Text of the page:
Property rights (economics)

Property rights are theoretical socially-enforced constructs in economics for determining how a resource or economic good is used and owned. Resources can be owned by (and hence be the property of) individuals, associations or governments. Property rights can be viewed as an attribute of an economic good. This attribute has four broad components and is often referred to as a bundle of rights:

the right to use the good

the right to earn income from the good

the right to transfer the good to others

the right to enforce property rightsIn economics, property is usually considered to be ownership (rights to the proceeds generated by the property) and control over a resource or good. Many economists effectively argue that property rights need to be fixed and need to portray the relationships among other parties in order to be more effective.

Tangible property

Tangible property in law is, literally, anything which can be touched, and includes both real property and personal property (or moveable property), and stands in distinction to intangible property.In English law and some Commonwealth legal systems, items of tangible property are referred to as choses in possession (or a chose in possession in the singular). However, some property, despite being physical in nature, is classified in many legal systems as intangible property rather than tangible property because the rights associated with the physical item are of far greater significance than the physical properties. Principally, these are documentary intangibles. For example, a promissory note is a piece of paper that can be touched, but the real significance is not the physical paper, but the legal rights which the paper confers, and hence the promissory note is defined by the legal debt rather than the physical attributes.A unique category of property is money, which in some legal systems is treated as tangible property and in others as intangible property. Whilst most countries legal tender is expressed in the form of intangible property ("The Treasury of Country X hereby promises to pay to the bearer on demand...."), in practice banknotes are now rarely ever redeemed in any country, which has led to banknotes and coins being classified as tangible property in most modern legal systems.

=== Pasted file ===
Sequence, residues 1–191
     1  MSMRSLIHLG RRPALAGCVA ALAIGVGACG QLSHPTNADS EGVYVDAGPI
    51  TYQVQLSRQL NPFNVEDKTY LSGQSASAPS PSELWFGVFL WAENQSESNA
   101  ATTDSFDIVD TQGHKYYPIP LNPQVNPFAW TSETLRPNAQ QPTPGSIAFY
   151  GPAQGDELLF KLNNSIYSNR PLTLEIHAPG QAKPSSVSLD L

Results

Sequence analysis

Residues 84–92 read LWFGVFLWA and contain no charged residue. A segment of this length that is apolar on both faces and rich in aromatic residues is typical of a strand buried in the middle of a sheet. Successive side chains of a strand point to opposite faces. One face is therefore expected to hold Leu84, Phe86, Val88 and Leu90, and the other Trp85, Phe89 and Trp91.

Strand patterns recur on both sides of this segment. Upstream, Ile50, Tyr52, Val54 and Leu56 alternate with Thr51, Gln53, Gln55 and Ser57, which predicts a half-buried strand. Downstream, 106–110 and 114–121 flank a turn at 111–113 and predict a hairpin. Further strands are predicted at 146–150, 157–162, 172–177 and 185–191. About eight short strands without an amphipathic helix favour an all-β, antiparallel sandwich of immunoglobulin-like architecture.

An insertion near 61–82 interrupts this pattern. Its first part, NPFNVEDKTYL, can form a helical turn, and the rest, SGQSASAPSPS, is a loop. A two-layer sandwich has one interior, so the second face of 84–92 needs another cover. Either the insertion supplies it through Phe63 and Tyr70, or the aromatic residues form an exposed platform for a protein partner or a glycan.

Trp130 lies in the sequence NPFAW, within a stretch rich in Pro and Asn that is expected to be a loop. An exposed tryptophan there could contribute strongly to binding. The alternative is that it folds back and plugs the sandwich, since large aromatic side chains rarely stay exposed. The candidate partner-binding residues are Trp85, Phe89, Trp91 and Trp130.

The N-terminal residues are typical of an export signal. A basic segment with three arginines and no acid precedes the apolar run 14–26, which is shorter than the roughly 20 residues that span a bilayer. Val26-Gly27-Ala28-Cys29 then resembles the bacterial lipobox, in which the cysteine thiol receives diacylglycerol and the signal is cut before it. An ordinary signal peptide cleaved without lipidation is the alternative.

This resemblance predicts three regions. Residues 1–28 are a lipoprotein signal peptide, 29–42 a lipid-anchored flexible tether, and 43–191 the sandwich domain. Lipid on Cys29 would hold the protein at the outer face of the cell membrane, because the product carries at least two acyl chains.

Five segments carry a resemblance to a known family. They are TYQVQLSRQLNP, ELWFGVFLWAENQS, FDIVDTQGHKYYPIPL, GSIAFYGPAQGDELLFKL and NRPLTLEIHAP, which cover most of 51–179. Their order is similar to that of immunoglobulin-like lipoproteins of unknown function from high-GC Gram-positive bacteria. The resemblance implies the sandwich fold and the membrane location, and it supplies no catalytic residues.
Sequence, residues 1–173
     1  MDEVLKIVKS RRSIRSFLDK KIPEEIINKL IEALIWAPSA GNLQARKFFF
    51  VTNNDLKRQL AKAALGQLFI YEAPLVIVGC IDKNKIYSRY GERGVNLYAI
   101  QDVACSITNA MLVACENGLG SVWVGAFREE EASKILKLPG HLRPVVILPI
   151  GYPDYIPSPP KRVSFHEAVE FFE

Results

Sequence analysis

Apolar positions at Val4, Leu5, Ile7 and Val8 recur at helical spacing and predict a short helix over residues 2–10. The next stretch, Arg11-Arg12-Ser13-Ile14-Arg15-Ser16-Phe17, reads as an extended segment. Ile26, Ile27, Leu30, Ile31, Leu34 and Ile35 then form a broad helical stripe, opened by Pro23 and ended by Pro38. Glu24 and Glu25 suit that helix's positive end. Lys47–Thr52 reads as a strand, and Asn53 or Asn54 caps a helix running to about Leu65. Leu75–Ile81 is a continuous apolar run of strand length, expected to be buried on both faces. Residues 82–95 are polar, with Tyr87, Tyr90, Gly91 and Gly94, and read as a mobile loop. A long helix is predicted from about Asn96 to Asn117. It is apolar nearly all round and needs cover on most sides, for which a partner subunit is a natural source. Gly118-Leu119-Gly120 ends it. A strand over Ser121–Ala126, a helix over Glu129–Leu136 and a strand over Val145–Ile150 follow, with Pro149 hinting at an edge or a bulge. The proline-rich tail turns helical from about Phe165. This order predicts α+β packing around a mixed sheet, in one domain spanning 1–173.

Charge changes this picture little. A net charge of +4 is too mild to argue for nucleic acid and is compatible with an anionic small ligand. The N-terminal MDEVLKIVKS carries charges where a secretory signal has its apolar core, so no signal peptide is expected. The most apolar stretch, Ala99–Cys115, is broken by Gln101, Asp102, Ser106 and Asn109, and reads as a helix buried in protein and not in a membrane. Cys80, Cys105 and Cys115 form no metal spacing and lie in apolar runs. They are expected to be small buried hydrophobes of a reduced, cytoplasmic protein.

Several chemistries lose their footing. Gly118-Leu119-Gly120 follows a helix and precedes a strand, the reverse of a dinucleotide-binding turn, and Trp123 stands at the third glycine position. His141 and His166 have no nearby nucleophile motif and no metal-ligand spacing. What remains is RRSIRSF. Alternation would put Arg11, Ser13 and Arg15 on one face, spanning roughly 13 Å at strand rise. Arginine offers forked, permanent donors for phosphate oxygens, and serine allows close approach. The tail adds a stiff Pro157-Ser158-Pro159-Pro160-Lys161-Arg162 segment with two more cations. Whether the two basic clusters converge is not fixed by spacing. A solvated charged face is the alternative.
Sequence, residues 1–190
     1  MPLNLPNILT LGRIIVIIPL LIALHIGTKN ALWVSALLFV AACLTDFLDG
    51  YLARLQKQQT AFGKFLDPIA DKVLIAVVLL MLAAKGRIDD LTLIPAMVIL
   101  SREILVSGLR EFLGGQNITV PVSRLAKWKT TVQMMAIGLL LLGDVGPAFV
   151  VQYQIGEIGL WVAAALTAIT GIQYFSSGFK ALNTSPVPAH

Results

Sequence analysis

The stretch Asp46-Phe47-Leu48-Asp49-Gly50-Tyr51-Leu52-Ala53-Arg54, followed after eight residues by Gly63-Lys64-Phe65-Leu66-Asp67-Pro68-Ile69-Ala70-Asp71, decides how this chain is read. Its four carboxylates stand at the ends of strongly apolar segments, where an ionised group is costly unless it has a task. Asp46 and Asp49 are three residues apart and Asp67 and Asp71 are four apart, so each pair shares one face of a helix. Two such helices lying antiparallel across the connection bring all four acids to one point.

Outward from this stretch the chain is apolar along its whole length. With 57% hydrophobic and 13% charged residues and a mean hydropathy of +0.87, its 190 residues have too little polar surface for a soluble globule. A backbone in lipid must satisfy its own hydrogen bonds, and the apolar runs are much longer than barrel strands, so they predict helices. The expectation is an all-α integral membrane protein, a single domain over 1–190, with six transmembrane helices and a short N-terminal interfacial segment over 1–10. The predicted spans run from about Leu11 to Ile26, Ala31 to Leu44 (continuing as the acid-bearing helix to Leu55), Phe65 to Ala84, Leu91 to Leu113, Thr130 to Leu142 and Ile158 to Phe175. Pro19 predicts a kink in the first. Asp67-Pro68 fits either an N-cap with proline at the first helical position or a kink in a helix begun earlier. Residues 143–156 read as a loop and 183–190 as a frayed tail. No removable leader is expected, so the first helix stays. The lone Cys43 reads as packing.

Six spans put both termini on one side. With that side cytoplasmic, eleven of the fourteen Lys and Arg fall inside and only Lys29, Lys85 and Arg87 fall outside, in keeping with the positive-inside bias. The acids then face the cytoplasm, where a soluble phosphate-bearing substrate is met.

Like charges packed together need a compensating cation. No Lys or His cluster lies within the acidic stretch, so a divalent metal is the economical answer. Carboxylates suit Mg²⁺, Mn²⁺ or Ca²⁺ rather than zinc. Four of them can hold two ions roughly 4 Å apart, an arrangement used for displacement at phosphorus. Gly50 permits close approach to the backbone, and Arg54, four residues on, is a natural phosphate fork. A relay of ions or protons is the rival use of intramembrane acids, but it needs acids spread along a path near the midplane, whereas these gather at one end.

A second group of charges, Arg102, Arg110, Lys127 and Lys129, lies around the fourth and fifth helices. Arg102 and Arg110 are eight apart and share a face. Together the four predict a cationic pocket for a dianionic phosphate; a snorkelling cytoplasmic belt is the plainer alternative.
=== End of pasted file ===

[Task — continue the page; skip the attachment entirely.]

Water trading

Water trading is the process of buying and selling water access entitlements, also often called water rights. The terms of the trade can be either permanent or temporary, depending on the legal status of the water rights. Some of the western states of the United States, Chile, South Africa, Australia, Iran and Spain's Canary Islands have water trading schemes. Some consider Australia's to be the most sophisticated and effective in the world. Some other countries, especially in South Asia, also have informal water trading schemes. Water markets tend to be local and informal, as opposed to more formal schemes.Some economists argue that water trading can promote more efficient water allocation because a market based price acts as an incentive for users to allocate resources from low value activities to high value activities. There are debates about the extent to which water markets operate efficiently in practice, what the social and environmental outcomes of water trading schemes are, and the ethics of applying economic principles to a resource such as water.

In the United States, water trading takes on several forms that differ from project to project, and are dependent upon the history, geography, and other factors of the area. Water law in many western U.S. states is based in the doctrine of "prior appropriation," or "first in time, first in use." Economists argue that this has created inefficiency in the way water is allocated, especially as urban populations increase and in times of drought. Water markets are promoted as a way to correct these inefficiencies.

In addition to the supply of tap water, many local water resources are also being acquired by private companies, most notably Nestlé Waters with its numerous brands, in order to provide commodity for the bottled water industry. This industry, which often bottles common ground water and sells it as spring water, competes with local communities for access to their water supplies, and is accused of reselling the water at drastically higher prices compared to what citizens pay for tap water.